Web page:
plicant is not known to the Board, and certin-
natesof siicc&j In teaching are allowed their
due weight. I Chas. R. Shrkvx,
u. ioaru. it. ALIIASDBH,
I J: M. YAajiaLL.
again bf took himself to the water, and
again dived to the bottom. Coming
up with a snort, he made again for the
shore witu another fish, which he dis
patched as quickly as before. This
was repeated a third time, and on the
fourth trip the animal secured a small
turtle, which it also carried ashore,and
fter some ditii.--ulty' managed to dis
patch, breaking the shell with its
strong teeth, after which it ambled,
off, satisfied with its fishing experience
for the day. The story Is remarkable.
but is vouched for by a young gentle
man of undoubted veracity, a son of
Mr. Henry W. Smith, of this city, who
saw the performance. He thinks the
animal must have caught the fiehes
nder the ledges of rock in the bottom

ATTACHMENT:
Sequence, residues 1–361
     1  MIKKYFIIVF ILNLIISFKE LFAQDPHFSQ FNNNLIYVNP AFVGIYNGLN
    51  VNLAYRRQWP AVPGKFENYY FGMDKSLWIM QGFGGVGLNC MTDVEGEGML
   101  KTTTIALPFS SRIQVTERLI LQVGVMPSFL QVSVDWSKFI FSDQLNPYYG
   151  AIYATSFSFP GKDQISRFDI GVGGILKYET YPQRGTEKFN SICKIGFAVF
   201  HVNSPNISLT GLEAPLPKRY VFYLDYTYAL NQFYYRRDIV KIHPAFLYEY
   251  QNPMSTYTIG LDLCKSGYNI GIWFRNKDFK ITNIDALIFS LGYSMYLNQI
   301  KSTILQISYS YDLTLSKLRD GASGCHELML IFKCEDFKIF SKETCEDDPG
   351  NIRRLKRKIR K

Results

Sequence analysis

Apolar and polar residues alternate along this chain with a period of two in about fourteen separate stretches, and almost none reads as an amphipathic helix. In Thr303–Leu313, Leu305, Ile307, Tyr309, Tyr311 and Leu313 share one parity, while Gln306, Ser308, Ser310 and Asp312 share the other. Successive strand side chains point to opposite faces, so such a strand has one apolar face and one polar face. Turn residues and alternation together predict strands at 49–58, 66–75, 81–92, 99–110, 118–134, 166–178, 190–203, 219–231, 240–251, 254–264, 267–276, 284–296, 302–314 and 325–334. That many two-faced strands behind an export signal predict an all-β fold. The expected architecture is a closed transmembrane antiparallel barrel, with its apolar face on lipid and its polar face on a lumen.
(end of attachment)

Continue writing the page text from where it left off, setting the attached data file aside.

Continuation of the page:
t the stream, as it seemed to be root- -
ing among the stones while under the
water. Cincinnati Enquirer.
Jakie on Watermelon Pickle.
Old lady Jones borrowed Mrs.Brown's
recipe for making watermelon pickle
the other day, and, being hard of hear
ing, and as she couldn't see to read it
well she got her grandson, Jakie, to
read it for her. Jakie took the paper,
like a dutiful child, and, holding it up
side down, commenced.
'Take a green watermelon '
'Why, Jakie, ain't you mistaken? I
thought the melon must be ripe.'
'O, wat's the matter wid you? Jew
ever see a watermelon that wasn't
'Cut the melon into four haves '
'But there ain't only two halves to
anything. I don't believe you are
reading that right, Jakie.'
'Well, don't have to. But anyhow
that's what the reseet says. Then soak
the watermelon in a pint cup '
'O, dear me! how iu the world can
you put a watermelon iu a pint eup?' '
'Well, I ain't here to tell you the
whereases and the howfores. I'm just
rending the f.tcts,aud you can put them
in the philosophy to suit your taste.
After soakiug the melon, put it in a
skillet and fry it for four days.'
I wonder if Mrs. Brown sent m
such a receipt as that?' said the old